Here are some of the most prominent people who've “Jinxed” themselves by getting caught on tape.By Kate SilverApr 6, 2016 12:17 PM
First came the phone. Then came wiretapping. Throughout history, secretly recorded conversations have brought down presidents and everyday people alike.
When it comes to catching a scandal on tape, however, it’s rarely a simple, straightforward matter, says Christopher Coble, attorney and senior writer for the consumer blogsof FindLaw. “Most people don’t like being recorded without their permission, and many states have ‘two-party consent’ laws that make it illegal to record a conversation without the consent of every party,” Coble says.
Conversations that were recorded illegally can still have enormous repercussions, according to Coble. He points to the example of Donald Sterling, the owner of the Los Angeles Clippers, whose racist comments were caught on tape and shared with the media. The comments weren’t obtained legally, but nevertheless, the court of public opinion rendered a unanimous verdict.
“People [suspected he] was a racist and overall bad guy, but having him on tape made the case against him more concrete. Four days after the recordings went public he was banned from the NBA,” says Coble.
If you’re considering catching someone in the act with a tape recorder, Coble cautions, take a step back before you hit record. “There are enormous consequences for those who make the tapes and those who are on them. So if you’re thinking about secretly recording a conversation, you might want to talk to a lawyer first,” he says.
With that in mind, we give you a look at some of the most infamous downfalls in recent tape-recorded history, from a smoking gun to the Subway Guy. In each of these cases, recorded evidence has led to prosecution and a healthy dose of public outrage.
President Richard Nixon and Watergate
The recording is known as “The Smoking Gun Tape.” It caught a conversation on June 23, 1972, between President Richard Nixon and his chief of staff, H.R. Haldeman, revealing the Oval Office’s involvement in and cover-up of the infamous Watergate break-in. During the taped conversation, Nixon and Haldeman discuss ordering the CIA to intervene in the FBI’s Watergate probe and actually interfere with the bureau’s investigation.
That tape was one of many. Between 1971 and 1973, Nixon secretly recorded about 3,700 hours of phone calls and meetings using microphones hidden throughout the Oval Office. The U.S. Supreme Court ordered the surrender of the tapes on July 24, 1974. On August 8, 1974, facing impeachment, Nixon announced his resignation.
President Bill Clinton and Monica Lewinsky
Monica Lewinsky began working as a White House intern in July of 1995 when she was 21, and went on to accept a job at the Pentagon. There she befriended her co-worker, Linda Tripp, and confided in her about a sexual relationship with Clinton that started in 1995 and continued through 1997. Tripp, at the encouragement of a New York literary agent, began recording more than 20 hours of conversations with Lewinsky, and went on to share the tapes with Whitewater independent counsel Ken Starr. Tripp then agreed to work with the FBI and wear a wire to record yet another conversation with Lewinsky. The recordings, along with 18 boxes of documents and a 445-page report known as The Starr Report, led to the House impeachment of Clinton in 1998 on charges of perjury and obstruction of justice. He was subsequently acquitted in 1999 by the Senate.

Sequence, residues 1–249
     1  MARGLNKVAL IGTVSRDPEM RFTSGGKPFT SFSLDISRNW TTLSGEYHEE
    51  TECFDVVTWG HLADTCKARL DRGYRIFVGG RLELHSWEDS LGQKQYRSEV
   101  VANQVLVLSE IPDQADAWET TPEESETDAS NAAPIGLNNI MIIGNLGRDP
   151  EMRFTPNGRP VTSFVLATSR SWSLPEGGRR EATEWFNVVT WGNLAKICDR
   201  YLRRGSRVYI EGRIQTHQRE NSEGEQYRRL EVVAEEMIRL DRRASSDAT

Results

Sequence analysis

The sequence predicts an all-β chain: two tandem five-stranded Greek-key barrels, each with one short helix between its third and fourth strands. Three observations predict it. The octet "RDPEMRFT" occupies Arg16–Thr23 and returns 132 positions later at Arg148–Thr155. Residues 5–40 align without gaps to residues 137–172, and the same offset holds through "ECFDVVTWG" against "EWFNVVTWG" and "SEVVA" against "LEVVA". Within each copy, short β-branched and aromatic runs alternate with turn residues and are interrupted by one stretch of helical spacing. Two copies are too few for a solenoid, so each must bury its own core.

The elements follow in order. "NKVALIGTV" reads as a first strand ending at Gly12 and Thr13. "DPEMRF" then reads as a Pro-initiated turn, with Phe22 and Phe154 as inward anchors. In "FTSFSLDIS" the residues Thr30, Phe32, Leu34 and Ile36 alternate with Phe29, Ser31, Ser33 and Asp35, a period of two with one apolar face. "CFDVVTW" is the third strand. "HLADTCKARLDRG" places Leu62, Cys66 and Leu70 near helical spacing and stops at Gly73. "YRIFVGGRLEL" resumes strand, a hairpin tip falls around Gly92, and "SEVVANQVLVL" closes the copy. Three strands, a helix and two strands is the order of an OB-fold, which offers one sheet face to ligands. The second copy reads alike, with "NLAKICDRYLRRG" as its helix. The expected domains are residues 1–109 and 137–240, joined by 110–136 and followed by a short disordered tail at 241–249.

Credit: REUTERS/Lee Celano
Hubris — and an audio recording — may have found its own revenge in the case of real estate heir Robert Durst. Durst is the subject of the HBO series “The Jinx: The Life and Deaths of Robert Durst,” which explored three crimes, including the disappearance of his wife, Kathleen, and two murders. Durst is interviewed throughout the series, speaking publicly for the first time about the investigations. But it’s when his guard appears to be down that he utters the most potentially damaging statement. According to the New York Times, the producers of the series were wrapping up filming and packing up their belongings when Durst went to use the bathroom. There, still wearing a wireless microphone, he started talking to himself: “What the hell did I do?” he says. “Killed them all, of course.” The paper reports that it took the producers two years to even discover the audio recording, which was included in the finale of the series. In March, one day before the episode aired, Durst was arrested in New Orleans on gun and drug possession charges, and is still in custody. He now faces first-degree murder charges in Los Angeles in the case of Susan Berman, a journalist friend of his who was killed in 2000. According to the Los Angeles Times, he’ll be extradited to L.A. by August 18, 2016.
According to ABC News, former journalist Rochelle Herman-Walrond first met Jared Fogle — the Subway Guy — about 10 years ago, when she interviewed him at a community health event. She thought he seemed nice, at first. Then he mentioned something about finding middle-school girls “hot,” and later shared lurid details about encounters with kids. Herman-Walrond began recording conversations with him and says she shared the information with the FBI — and Dr. Phil. In August, Fogle was charged in Indianapolis with receiving and distributing child pornography and paying to have sex with minors. (Authorities have not confirmed whether Herman-Walrond was part of any official investigation). In November, he accepted a plea deal and was sentenced to more than 15 years in prison.
Top Photo: Reuters // Top Photo Illustration: Deanna Paquette